Karl Jakobs: Physics Coordinator October 1st 2007 to September 30th 2008

During his year spent as ATLAS Physics Coordinator, and the year prior to that spent as Deputy, Karl Jakobs focussed on steering the physics and combined performance working groups, helping them to prepare for physics analysis and first data.

Not many people will have envied the task he set himself of finally pulling together the CSC (Computing System Commissioning) effort before his term of office was up on October 1st this year, but Karl felt strongly about it. “I pushed right from the beginning … because too many of the Collaboration’s resources were bound up in it,” he explains; resources he felt could be put to better use elsewhere this close to data-taking.

His other pet project throughout his time as Coordinator was the re-focussing of the physics and combined performance groups in readiness for data-taking. ATLAS had previously been a little heavy on the ground with collaborators looking for new physics, compared with those converting the electronic signals from the detector into tangible items for the physicists to work with.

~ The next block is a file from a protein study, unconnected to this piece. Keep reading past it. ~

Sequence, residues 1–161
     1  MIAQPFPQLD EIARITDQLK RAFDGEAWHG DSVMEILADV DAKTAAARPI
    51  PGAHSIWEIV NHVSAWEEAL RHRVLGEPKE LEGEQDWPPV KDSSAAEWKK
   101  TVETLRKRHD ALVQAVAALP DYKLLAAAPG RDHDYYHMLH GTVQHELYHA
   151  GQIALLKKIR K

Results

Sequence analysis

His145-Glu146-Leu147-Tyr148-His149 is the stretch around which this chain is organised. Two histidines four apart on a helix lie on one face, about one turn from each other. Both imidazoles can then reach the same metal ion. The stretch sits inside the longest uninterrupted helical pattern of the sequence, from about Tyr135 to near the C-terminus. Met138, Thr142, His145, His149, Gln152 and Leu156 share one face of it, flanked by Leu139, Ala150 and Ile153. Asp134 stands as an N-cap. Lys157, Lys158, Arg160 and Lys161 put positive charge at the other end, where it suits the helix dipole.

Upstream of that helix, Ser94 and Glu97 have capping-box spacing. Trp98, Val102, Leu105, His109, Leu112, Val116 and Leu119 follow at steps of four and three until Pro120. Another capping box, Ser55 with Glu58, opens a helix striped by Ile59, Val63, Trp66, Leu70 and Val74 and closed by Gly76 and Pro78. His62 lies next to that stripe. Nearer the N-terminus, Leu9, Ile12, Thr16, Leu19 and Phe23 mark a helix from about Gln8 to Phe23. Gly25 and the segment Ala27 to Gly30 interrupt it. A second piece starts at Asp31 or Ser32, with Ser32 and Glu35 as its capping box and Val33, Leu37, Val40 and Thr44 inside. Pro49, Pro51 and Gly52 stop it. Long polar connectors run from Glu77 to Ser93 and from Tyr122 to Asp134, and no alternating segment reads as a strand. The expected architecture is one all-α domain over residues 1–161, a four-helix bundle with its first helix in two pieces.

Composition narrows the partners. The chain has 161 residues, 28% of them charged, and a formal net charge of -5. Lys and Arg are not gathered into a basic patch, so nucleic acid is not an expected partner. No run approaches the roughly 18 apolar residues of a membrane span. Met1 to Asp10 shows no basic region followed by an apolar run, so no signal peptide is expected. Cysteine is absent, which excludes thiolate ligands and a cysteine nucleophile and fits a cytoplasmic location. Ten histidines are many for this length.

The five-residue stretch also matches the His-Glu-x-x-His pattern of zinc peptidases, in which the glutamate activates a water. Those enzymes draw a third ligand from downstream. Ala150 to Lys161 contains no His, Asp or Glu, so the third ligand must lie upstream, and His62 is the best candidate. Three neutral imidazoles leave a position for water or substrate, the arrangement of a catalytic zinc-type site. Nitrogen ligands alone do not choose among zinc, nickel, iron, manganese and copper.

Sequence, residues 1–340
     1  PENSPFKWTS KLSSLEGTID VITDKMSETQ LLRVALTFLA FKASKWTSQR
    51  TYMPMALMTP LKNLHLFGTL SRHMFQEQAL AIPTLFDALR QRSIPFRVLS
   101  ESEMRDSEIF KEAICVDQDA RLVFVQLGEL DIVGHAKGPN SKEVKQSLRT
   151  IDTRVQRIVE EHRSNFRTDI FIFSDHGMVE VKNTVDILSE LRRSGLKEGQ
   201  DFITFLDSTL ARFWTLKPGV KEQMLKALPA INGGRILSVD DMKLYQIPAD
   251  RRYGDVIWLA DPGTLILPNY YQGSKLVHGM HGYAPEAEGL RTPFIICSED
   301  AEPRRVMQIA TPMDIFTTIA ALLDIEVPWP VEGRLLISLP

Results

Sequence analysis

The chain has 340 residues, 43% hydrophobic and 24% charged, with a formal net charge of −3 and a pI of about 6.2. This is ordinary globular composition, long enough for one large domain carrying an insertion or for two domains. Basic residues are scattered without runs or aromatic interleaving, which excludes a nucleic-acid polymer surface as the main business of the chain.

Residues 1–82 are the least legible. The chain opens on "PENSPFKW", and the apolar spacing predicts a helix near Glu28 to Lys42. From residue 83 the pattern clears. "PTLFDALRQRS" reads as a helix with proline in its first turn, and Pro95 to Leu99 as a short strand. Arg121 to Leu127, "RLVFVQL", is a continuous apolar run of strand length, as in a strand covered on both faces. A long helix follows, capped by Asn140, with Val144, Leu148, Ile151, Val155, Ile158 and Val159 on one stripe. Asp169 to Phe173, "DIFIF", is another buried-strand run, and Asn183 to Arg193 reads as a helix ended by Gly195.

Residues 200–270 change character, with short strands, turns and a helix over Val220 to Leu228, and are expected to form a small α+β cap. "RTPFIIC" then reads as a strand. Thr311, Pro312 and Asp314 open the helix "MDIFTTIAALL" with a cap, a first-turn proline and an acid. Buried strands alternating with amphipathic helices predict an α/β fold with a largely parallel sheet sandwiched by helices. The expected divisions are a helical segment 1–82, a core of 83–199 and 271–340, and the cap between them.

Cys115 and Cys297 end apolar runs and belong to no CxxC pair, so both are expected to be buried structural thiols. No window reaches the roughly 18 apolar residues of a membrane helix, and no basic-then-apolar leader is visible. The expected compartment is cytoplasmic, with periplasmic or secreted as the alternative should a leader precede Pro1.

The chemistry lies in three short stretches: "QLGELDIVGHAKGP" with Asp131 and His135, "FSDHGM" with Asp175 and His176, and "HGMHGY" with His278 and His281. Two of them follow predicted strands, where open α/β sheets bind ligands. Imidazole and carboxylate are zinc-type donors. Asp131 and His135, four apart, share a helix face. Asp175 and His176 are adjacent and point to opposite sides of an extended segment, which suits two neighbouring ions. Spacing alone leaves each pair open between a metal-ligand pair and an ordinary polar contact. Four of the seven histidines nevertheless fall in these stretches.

“We have to give much more weight to the combined performance groups in the near future,” he says, “and integrate people from the detector side as well as the physics groups.” This is the challenge that awaits Karl’s successor, Dave Charlton.

Overall, Karl’s experience in the role has been a good one. “Being at CERN [as Physics Coordinator] really felt like it did 20 years ago when I was here as a fellow and staff member,” he considers. “I could spend nearly 100% of my time devoted to ATLAS and to research, which was very positive.”

He cites the negative aspects of the role as: “being stretched to deal with many different groups, people, and problems at the same time,” but was kept motivated, he says, by the pursuit of answers to physics questions which have interested him for the last 20 years: the questions ATLAS aims to answer.

Karl is now back in his position at Freiburg University, catching up on his teaching duties after his two-year absence, and taking care of his group, who he admits “got a bit neglected” while he was away at CERN.


Louis Fayard: Higgs Group Co-convenor, October 1st 2006 to September 30th 2008